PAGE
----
The company aims to reach 100 percent EVs in North America and Europe by 2030.
Uber is going green: The ride-share firm this week revealed plans to become a zero-emission platform by 2040, with a goal of 100 percent electric vehicles in North America and Europe by 2030.
“In fact, we believe we can achieve this 2030 goal in any major city where we can work with local stakeholders to implement policies that ensure a fair transition to EVs for drivers,” Uber CEO Dara Khosrowshahi wrote in a blog announcement.
Despite a brief respite from carbon emissions during COVID-19 lockdown, the global climate crisis continues. Khosrowshahi wants to be part of the solution, not the problem. “Instead of going back to business as usual, Uber is taking this moment as an opportunity to reduce our environmental impact,” the CEO said. “It’s our responsibility as the largest mobility platform in the world to more aggressively tackle the challenge of climate change.”
The company’s “holistic” approach to reducing emissions focuses on four key actions, including expanding Uber Green to more than 15 US and Canadian cities, where riders can spend $1 extra to request an electric or hybrid vehicle. By the end of this year, Uber Green will be available in more than 65 cities globally.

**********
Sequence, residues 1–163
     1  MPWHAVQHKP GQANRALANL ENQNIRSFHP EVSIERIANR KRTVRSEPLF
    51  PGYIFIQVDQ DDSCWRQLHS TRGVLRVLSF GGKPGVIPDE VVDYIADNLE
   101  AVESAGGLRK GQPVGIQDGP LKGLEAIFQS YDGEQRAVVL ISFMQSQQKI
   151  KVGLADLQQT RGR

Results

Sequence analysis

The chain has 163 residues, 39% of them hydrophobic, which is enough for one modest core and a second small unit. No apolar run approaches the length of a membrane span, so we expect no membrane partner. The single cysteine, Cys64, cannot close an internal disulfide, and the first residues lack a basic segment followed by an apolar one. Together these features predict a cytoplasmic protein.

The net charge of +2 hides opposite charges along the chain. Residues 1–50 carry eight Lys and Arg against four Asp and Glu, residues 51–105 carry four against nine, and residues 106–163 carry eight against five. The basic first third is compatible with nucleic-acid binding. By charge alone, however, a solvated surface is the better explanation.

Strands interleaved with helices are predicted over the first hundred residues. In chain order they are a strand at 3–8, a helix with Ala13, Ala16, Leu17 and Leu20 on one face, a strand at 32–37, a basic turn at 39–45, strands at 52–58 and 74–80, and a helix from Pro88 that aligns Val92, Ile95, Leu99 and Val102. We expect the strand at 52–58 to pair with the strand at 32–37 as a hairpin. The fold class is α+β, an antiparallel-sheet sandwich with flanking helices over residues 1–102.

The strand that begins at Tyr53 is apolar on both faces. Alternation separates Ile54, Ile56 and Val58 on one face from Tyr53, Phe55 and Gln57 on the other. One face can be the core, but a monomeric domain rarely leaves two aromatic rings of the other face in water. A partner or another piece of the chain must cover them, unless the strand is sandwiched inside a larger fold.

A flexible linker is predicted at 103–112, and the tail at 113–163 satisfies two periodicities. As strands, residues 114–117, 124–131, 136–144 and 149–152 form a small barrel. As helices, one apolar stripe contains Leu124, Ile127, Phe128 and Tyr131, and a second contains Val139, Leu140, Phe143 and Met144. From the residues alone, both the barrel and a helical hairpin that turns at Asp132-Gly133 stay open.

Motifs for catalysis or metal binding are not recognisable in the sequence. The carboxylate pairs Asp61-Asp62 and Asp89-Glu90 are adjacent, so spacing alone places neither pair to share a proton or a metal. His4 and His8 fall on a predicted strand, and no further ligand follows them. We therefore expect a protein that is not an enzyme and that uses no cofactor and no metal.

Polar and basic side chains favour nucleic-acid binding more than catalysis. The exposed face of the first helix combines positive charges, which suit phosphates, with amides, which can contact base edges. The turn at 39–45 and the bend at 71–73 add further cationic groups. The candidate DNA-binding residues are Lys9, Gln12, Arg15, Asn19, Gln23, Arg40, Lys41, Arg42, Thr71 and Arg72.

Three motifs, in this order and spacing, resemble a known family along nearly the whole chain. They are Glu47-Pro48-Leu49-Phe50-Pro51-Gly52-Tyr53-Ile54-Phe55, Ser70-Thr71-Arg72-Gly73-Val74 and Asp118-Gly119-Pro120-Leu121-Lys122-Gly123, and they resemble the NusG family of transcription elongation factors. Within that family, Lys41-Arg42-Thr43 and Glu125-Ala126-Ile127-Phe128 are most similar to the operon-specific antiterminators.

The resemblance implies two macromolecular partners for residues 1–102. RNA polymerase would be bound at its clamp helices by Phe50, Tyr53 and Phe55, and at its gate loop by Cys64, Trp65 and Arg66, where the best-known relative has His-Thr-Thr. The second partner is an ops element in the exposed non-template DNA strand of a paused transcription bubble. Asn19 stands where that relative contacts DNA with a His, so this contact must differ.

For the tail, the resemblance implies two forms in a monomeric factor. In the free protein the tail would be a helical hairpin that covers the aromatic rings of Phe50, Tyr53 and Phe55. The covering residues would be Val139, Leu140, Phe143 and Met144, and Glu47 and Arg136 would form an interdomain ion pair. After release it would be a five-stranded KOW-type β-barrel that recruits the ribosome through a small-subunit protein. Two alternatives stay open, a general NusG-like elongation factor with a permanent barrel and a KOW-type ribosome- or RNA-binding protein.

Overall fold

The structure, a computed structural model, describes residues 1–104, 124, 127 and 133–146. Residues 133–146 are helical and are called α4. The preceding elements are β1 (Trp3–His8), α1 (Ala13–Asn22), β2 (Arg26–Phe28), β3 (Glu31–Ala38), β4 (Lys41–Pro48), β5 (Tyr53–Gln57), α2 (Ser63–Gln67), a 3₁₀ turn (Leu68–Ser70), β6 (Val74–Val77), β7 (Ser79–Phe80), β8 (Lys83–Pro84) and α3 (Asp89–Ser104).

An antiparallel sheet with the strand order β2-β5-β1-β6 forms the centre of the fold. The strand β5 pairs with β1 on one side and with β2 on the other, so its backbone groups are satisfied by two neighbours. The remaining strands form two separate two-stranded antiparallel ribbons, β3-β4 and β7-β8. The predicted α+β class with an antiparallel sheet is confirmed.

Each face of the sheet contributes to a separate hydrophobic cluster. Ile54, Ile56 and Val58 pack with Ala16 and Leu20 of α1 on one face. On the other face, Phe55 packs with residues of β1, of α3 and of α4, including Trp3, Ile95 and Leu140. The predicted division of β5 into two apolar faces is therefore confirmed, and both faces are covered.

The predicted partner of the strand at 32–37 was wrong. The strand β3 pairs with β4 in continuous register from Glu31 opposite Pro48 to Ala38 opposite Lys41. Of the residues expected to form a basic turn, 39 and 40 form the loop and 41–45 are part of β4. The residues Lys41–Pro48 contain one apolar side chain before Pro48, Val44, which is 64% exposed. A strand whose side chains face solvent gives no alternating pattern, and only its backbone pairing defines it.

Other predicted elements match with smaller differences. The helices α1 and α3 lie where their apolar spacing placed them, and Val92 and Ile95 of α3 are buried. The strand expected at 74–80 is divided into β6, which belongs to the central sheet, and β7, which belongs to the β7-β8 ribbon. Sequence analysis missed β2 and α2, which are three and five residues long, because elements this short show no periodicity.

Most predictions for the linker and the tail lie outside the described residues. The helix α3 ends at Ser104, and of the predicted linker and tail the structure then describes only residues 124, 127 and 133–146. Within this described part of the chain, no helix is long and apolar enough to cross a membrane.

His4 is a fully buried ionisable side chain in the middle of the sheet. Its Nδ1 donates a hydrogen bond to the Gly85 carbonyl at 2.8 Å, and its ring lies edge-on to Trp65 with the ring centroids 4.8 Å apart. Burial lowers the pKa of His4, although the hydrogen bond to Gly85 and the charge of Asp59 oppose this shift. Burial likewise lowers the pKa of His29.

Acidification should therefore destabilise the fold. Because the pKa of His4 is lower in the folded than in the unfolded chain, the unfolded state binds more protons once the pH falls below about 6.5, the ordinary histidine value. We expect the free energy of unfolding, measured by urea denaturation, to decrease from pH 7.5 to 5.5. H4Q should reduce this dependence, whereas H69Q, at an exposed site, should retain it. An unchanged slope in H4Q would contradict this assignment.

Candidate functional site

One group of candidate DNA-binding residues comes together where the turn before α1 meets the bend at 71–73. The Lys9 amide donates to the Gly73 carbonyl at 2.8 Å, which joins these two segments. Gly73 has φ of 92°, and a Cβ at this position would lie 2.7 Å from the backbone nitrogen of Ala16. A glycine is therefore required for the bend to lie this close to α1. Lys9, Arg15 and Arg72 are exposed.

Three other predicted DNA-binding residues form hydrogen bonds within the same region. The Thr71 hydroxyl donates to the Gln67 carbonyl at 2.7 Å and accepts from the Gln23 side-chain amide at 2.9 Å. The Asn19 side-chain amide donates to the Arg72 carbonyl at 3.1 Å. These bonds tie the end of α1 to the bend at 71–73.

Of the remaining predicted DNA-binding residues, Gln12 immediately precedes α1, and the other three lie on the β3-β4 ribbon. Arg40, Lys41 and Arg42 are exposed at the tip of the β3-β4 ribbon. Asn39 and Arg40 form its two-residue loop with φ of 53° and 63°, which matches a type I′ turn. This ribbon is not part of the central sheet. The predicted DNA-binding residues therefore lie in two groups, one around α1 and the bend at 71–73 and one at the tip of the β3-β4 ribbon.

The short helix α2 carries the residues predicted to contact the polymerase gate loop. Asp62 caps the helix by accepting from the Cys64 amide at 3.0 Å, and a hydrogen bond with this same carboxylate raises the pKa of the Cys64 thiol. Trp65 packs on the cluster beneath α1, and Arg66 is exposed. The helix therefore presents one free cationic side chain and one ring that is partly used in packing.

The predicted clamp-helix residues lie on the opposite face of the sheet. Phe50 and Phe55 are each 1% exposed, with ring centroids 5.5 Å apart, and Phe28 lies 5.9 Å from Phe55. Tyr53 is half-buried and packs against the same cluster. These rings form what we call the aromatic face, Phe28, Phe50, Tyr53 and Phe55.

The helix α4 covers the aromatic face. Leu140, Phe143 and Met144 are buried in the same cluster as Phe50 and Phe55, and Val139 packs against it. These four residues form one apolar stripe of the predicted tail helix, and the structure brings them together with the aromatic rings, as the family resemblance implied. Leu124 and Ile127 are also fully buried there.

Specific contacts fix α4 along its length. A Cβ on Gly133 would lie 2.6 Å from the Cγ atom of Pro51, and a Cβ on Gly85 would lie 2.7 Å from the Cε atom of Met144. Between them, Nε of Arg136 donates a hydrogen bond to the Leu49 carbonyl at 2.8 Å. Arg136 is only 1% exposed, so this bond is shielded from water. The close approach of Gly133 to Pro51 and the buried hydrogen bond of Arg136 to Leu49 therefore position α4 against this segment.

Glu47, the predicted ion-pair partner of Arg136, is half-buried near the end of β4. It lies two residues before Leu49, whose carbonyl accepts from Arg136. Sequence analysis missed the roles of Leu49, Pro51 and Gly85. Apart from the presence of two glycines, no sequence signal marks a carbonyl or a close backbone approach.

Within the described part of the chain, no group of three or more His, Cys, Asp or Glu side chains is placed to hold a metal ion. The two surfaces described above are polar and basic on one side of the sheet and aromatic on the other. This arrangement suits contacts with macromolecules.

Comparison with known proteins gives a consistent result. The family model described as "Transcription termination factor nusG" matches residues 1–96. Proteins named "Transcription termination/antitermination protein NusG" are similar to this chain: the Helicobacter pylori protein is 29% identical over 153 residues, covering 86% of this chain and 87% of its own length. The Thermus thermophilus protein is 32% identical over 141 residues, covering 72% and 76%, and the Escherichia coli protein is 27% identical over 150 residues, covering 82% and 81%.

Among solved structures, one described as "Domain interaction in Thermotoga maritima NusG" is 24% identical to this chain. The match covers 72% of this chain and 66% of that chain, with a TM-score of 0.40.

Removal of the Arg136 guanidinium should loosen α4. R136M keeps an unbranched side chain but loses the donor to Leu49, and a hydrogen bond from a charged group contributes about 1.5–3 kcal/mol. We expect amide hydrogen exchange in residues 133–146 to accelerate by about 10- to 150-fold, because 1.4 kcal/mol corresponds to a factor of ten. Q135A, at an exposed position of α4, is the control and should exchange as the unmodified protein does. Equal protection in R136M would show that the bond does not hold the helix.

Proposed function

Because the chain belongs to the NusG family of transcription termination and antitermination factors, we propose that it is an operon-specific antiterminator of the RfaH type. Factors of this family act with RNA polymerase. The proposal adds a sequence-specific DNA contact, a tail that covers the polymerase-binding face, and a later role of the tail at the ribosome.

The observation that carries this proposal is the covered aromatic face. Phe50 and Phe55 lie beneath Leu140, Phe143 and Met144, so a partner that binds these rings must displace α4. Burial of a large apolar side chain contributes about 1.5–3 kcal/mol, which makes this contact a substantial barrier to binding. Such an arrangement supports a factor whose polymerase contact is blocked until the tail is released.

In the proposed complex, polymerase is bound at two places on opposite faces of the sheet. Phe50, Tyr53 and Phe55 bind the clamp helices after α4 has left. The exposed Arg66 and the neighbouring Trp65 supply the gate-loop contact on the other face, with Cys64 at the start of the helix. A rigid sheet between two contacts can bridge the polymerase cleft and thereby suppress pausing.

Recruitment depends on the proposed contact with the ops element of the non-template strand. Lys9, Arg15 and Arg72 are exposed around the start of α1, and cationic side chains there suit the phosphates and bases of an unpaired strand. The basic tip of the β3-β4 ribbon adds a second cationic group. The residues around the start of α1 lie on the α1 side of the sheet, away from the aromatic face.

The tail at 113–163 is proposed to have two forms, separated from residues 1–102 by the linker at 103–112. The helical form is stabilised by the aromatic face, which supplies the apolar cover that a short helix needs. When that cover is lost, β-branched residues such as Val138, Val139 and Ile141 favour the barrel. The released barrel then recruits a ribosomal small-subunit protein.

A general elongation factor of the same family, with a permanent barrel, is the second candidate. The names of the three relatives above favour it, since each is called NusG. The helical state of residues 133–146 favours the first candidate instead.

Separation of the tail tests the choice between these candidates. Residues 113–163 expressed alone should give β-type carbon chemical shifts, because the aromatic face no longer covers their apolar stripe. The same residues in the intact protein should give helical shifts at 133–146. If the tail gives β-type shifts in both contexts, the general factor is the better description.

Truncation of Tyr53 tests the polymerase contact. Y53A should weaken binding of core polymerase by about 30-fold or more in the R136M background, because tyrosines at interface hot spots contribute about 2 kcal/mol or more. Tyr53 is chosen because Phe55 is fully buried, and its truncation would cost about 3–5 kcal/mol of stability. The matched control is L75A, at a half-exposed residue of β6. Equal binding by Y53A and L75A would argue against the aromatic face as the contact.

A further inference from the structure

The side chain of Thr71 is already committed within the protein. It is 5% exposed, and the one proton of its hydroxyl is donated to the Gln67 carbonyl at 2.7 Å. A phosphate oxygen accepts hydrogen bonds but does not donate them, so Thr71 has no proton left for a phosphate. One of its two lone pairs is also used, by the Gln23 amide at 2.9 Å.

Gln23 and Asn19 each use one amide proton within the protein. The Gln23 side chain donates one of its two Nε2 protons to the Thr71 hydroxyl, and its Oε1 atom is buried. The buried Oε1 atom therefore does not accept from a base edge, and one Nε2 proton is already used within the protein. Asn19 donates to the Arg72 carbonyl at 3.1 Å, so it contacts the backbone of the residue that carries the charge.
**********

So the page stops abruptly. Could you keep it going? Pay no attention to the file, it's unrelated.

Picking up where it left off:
But not everyone can afford to trade in their gas guzzling car for an eco-friendly option. Which is why Uber has earmarked $800 million to help hundreds of thousands of drivers in the US, Canada, and Europe transition to battery EVs by 2025. There’s even an added incentive: North American battery EV drivers will earn an extra $1.50 for every Uber Green trip they complete.
“As experts remind us, affordable access to green vehicles and charging equipment is paramount to lowering emissions,” according to Uber. “That’s why we’re teaming up with vehicle manufacturers, charging network providers, and EV rental and fleet companies to provide millions of dollars in EV savings to drivers around the world.”
Further actions include investing in a multimodal network—offering bikes and scooters where possible, expanding non-stop shared rides, partnering with public transit agencies for combined Uber/bus/subway/train journeys—and producing Uber’s first Climate Assessment and Performance Report.
“In addition to our platform goals, we’re also committed to reaching net-zero emissions from our corporate operations by 2030,” Khosrowshahi said. “All told, hitting these goals would put us a decade ahead of Paris Climate Agreement targets.”
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